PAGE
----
Updates to the Retail Leases Act 2003 (Vic) – what does this mean for Landlords and Tenants?

Corporate & Commercial 30 September 2020

On 23 September 2020 the long-awaited Retail Leases Amendment Bill 2019 (Vic) received royal assent, causing it to become law.

The Retail Leases Amendment Act 2020 (Vic) (the Amendment Act) has introduced seven key changes to the Retail Leases Act 2003 (Vic) and the Building Act 1993 (Vic).

This article will provide a brief summary of those changes and the impact this will have on landlords and tenants alike.

The key changes
1. Responsibility for Essential Safety Measures

Most notably, the Retail Leases Act 2003 (Vic) and the Building Act 1993 (Vic) have been amended to allow landlords to recover from tenants costs incurred in respect of Essential Safety Measures (ESM) compliance, provided the Tenant has agreed to be responsible for those costs.

Previously ESM liability was a highly contentious issue in the retail leasing community, particularly  since the 2015 VCAT advisory opinion which indicated that the cost of ESMs are not able to be passed on to tenants.

The Amendment Act changes this position and provides parties with certainty as to the allocation of these expenses moving forward (provided the parties have reached an agreement as to the allocation of these expenses).

It is important to note that this provision does not operate retrospectively.  This means that landlords will only be permitted to recover ESM costs incurred on and from 23 September 2020 (in an appropriately drafted lease agreement).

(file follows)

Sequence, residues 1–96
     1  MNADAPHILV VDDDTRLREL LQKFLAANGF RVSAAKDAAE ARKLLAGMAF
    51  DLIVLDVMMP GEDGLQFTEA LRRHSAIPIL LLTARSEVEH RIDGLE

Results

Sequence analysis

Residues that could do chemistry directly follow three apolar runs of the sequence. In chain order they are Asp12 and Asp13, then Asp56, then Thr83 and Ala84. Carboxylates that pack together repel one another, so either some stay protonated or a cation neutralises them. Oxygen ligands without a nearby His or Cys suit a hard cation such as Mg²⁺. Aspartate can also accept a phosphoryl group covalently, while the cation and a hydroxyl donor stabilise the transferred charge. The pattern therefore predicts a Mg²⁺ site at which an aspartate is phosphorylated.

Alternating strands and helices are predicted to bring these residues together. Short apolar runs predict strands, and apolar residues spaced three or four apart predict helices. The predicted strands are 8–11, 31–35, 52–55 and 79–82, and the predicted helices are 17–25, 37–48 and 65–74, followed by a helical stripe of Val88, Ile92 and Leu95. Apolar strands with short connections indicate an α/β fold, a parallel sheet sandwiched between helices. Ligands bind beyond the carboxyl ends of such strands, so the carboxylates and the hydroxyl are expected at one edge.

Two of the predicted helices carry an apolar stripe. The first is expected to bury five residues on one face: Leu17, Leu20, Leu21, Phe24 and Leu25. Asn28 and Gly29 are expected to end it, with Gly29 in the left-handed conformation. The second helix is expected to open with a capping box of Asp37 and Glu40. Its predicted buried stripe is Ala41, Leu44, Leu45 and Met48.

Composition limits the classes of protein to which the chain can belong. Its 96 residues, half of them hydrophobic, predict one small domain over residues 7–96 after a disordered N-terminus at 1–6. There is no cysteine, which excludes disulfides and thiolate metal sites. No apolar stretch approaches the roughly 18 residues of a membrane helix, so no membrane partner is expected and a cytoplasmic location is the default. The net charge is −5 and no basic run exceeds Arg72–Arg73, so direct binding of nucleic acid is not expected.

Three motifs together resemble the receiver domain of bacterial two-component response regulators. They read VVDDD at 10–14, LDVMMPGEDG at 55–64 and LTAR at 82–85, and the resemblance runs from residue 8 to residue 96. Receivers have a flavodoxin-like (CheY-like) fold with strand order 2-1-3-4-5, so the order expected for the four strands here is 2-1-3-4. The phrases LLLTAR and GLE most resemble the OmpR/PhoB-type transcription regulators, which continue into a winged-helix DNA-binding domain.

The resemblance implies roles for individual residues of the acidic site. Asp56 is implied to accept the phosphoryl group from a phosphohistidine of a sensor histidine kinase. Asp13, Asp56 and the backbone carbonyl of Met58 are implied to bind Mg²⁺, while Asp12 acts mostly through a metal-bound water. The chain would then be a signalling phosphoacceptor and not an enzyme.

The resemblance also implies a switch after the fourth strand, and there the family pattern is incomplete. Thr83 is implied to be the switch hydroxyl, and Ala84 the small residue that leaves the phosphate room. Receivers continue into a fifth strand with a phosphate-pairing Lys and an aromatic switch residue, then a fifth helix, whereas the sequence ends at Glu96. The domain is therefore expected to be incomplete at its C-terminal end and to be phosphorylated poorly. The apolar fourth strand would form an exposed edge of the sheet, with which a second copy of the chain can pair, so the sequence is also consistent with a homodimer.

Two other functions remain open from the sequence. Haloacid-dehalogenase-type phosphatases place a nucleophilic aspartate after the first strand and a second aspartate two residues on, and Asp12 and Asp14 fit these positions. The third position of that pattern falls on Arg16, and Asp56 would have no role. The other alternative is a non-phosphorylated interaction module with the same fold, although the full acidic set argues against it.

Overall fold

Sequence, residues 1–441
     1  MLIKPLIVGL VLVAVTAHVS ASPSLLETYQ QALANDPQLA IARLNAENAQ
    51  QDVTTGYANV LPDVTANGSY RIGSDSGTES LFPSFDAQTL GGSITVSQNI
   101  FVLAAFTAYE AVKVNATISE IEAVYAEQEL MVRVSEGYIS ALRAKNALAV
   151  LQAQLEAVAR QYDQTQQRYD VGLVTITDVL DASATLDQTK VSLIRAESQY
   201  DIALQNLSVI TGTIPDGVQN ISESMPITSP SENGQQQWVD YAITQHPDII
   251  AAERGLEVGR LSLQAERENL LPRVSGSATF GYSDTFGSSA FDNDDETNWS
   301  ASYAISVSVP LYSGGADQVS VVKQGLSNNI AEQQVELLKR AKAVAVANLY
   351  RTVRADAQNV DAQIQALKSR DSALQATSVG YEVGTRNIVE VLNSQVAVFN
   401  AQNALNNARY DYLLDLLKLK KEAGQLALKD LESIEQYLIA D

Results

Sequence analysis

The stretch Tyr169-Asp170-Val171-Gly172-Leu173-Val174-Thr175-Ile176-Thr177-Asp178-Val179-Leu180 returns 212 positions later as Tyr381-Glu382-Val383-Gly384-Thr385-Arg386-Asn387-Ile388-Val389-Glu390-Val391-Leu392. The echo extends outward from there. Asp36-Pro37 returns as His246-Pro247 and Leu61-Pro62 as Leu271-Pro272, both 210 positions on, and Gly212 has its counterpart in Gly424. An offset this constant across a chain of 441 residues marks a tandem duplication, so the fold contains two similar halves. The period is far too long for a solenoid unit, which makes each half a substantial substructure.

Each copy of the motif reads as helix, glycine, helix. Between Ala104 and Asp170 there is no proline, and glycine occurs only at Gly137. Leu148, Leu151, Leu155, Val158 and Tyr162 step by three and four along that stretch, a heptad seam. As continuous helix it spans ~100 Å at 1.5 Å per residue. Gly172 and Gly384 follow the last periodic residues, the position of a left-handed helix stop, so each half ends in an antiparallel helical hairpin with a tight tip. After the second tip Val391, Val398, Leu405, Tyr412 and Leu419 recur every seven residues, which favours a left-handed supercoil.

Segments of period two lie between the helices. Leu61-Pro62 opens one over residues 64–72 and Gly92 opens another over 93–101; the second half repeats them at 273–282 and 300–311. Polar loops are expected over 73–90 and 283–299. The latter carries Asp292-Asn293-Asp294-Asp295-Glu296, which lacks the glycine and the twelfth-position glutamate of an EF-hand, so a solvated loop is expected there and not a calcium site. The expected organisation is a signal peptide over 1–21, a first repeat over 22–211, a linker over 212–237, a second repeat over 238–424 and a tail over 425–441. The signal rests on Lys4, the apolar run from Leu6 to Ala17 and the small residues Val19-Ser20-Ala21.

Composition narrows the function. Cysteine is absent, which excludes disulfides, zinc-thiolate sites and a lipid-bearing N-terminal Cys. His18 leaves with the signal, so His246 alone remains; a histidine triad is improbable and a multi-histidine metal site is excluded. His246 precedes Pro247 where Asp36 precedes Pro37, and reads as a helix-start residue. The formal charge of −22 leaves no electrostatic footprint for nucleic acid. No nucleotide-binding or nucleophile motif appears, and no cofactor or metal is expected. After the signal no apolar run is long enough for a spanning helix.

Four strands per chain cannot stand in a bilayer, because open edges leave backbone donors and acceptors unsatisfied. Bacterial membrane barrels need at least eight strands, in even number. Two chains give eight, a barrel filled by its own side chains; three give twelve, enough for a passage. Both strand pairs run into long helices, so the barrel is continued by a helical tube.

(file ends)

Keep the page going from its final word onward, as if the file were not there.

2. Return of security deposits 

Provided the tenant has satisfied all of their obligations under the lease agreement, landlords must return to the tenant any security deposit paid within 30 days of the lease coming to an end (rather than “as soon as reasonably practicable”).

3. Timelines for providing lease and disclosure statement 

Landlords must now provide a prospective tenant with a copy of the proposed lease agreement and accompanying disclosure statement at least 14 days before entering into the lease.  Prior to the Amendment Act landlords were required to provide these documents at least 7 days before entering into the lease.

If the landlord fails to provide these documents within the required timeframe, then the lease will not be taken to have commenced until the date that is 14 days after they have been given to the tenant.

Additionally, if the lease agreement is updated or amended at any stage after the provision of the initial document, the landlord must notify the tenant of these changes.  Failure to disclose any amendments that have been made to the lease agreement may result in the issuing of a penalty.

4. Additional disclosure obligations on renewal of lease 

Ordinarily landlords are required to provide tenants with a disclosure statement in the prescribed form when a retail lease is first entered into, and again on renewal of the lease, however the form of disclosure statement required on renewal contains limited information.  Under the Amendment Act, when a disclosure statement is issued on the renewal of a lease, that disclosure statement must set out any changes that may have been made to the previous disclosure statement that was given to the tenant, significantly increasing the landlord’s disclosure obligations.